Deepwater


Deepwater

For resident Mark, who lives at a property in Deepwater where he is a caretaker, the trees in the area are very special to him. Mark said that a friend of his refers to some of the gnarled fig trees as Harry Potter trees because of their crooked shape, and so they are recognisable characters. ‘I walk past them every day when I’m cleaning up the place and say hello because I know them,’ Mark said, laughing. ‘Maybe I’m crazy!’ he said, but I told him that I understood.

The area gives him a sense of serenity. From the property, Mark can hear the waves crashing on the shore, and at night, he whistles to the curlew chicks, mimicking their call and waiting for them to respond before going to bed. He loves the rain lily orchids (Zephyranthes spp.), here represented in the lower left-hand corner, because they seem to represent that feeling, but at the same time, they make him worry about the quantity of rain when they bloom.

Mark told the story of the 2018 bushfire arriving at the property. Mark could see the flames and smoke billowing over the tree line, so he grabbed the baby roo he was looking after as a wildlife carer and left the property by car. ‘The fireys were incredible,’ Mark said, ‘so kind and generous.’ Mark said that they kept fighting even when they were low on resources, and gave an example of wanting to repay the kindness by giving one of them a clean pair of socks when they had run out.

Mark told me that it took about three years for the bush to start recovering. ‘Since the fires, there is plenty of, excuse my french, shit wattle growing,’ which Mark believed will only fuel future fires. He said that species biodiversity in regrowth is required but there are no local projects dealing with that.

Mark described joining the men’s shed after the fires because he wanted to strengthen connections with other people in the area, due to ‘the lack of official help.’ His proactive response paid off when there was bad flooding near the property. Mark contacted friends to let them know that he couldn’t get across a causeway because it was flooded up to his knees. They told Mark, ‘walk through the water and we’ll wait on the other side for you.’ As Mark told the story, his eyes glazed over and seemed heavy. In this piece, I’ve paid tribute to him as a keeper of the bushland through the inclusion of an eye in the fig tree, watching over the scene below. The crow's feet wrinkles around his eyes that carry the strenuous weight of the past are represented here as the many trails through Deepwater.

When considering the significance of this community connection, Mark said, ‘it’s a cliche but it’s the idea of mateship. I see someone hard at work bent over in the yard and a mate putting their hand on their shoulder and offering a cup of coffee or tea or a mango.’ He gave an example of recently helping out at the fishing festival. Mark said he can’t contribute to a lot of the physical work because of his chronic pain due to an accident many years ago but he can cook sausages! That day, he cooked over a hundred sausages, and when he took a break, smoking a cigarette while leaning against his car, three of his fellow volunteers checked in with him: ‘You okay, mate?’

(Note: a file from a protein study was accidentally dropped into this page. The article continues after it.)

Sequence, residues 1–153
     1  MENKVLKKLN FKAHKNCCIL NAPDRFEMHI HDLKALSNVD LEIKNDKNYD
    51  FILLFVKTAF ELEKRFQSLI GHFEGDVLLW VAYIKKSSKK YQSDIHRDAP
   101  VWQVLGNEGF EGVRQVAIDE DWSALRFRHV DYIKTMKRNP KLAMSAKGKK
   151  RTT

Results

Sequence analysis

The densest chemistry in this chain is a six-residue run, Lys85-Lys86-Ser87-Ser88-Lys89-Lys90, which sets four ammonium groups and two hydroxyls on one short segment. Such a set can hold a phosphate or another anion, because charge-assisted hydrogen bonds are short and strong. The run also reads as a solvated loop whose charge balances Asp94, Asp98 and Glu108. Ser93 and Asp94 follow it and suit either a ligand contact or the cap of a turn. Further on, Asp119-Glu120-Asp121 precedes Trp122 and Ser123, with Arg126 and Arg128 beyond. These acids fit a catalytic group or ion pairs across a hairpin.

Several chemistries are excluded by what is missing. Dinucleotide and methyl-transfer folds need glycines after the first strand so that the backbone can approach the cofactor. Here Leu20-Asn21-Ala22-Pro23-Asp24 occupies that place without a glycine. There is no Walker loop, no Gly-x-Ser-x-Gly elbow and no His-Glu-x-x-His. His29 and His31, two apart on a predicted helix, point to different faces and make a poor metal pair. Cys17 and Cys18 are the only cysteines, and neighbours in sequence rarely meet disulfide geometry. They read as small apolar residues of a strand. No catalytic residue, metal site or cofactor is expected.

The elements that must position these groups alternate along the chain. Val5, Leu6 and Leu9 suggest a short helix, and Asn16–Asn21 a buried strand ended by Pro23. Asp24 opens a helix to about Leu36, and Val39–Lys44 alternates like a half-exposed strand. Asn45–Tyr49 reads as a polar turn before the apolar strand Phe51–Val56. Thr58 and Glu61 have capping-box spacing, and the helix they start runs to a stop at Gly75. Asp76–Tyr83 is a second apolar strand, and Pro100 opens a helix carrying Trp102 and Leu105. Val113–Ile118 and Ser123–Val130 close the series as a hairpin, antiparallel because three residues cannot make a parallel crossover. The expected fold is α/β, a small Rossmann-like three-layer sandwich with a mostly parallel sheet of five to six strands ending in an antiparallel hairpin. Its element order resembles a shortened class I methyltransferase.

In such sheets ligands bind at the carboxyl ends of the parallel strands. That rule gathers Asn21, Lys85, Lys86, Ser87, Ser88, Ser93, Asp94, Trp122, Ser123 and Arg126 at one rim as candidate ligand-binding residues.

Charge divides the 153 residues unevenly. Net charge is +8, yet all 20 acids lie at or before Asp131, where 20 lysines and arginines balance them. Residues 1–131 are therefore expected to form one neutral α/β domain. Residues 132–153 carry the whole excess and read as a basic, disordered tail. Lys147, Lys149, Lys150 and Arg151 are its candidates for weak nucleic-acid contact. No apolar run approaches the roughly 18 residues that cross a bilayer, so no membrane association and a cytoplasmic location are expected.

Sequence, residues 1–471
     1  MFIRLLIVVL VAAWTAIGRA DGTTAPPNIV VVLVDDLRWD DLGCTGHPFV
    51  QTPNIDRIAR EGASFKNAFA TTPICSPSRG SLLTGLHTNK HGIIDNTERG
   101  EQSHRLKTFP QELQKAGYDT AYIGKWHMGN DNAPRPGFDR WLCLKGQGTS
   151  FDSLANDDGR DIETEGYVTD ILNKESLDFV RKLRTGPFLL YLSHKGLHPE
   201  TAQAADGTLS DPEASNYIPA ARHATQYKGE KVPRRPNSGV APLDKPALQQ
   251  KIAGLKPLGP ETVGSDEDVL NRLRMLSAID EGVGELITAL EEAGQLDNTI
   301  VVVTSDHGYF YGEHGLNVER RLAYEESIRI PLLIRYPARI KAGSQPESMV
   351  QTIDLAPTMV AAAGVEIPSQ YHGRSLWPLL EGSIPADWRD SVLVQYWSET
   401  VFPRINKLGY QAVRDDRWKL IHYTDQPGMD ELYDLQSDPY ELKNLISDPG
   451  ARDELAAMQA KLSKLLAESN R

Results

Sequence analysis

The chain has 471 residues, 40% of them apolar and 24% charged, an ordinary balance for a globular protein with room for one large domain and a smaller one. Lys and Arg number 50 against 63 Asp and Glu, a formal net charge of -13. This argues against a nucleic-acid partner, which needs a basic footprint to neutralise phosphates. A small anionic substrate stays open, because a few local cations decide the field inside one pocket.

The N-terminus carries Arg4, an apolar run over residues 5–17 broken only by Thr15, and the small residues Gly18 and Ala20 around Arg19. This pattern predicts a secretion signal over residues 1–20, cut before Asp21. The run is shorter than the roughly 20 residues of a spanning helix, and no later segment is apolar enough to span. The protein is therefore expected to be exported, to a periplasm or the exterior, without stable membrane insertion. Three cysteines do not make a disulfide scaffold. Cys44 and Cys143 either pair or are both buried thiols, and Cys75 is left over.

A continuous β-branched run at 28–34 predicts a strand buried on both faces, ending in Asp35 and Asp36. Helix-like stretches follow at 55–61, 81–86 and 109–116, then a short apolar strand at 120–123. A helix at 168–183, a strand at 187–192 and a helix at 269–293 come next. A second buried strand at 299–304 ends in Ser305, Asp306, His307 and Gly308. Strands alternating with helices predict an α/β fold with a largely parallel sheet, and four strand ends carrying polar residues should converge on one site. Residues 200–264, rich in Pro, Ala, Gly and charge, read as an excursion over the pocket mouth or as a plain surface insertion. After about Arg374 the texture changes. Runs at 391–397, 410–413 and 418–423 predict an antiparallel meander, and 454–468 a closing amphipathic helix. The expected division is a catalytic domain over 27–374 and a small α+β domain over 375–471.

Another local in the area called Tusitala introduced herself as T; a Pacific Island woman from Samoa who has been living in the region for many years. It’s very important to T to connect with the history of the place pre-colonisation and she spoke of having many connections with many First Nations peoples in the area. T made the point that for many of us, being able to reconnect with our own ancestry through charting our bloodlines and family trees was a privilege that most First Nations peoples don’t have. This has been acknowledged through the inclusion of an Aboriginal scar tree which appears to be bursting into flames representing the fractured ancestral lineage.

Nevertheless, T embodies this value of pre-colonial, cultural connection in her daily life by waking up early (her body clock wakes her up at 4:17 am every day) and walking to the beach where she watches the sunrise and waves with her hands to say hello to the waves. Sometimes T runs along the beach barefoot, dipping into the water when she gets hot, and other days she practices pilates or her native dancing, moving her hands in an expressive way. T’s hands are represented in this artwork under the sun and the waves.

T said that the horizon is very important to her and she loves to see silhouettes, whether it’s of surfers, sailboats, dolphins, or the dragon boats and outrigger canoes that she’s involved in. She is also always learning about local medicinal plants and has had contact with First Nations women to verify that certain plants here that she recognises from Samoa are indeed medicinal. She couldn’t remember the English word for one in particular as she only knew it in her Samoan tongue, but she told me that she had wrapped it around her broken finger only a couple of days earlier because she knew it had healing properties.

T described people in the area as being very resilient because of the isolation - ‘sometimes with the rain you can’t leave’ - and generous, helping each other when in need. She said that she had heard of many cases through her career in social work of people offering things to those in need which really ‘restores your faith in humanity.’ T commented that the church had been a significant part in responding to emergencies too, complimenting Anglicare for their work. 

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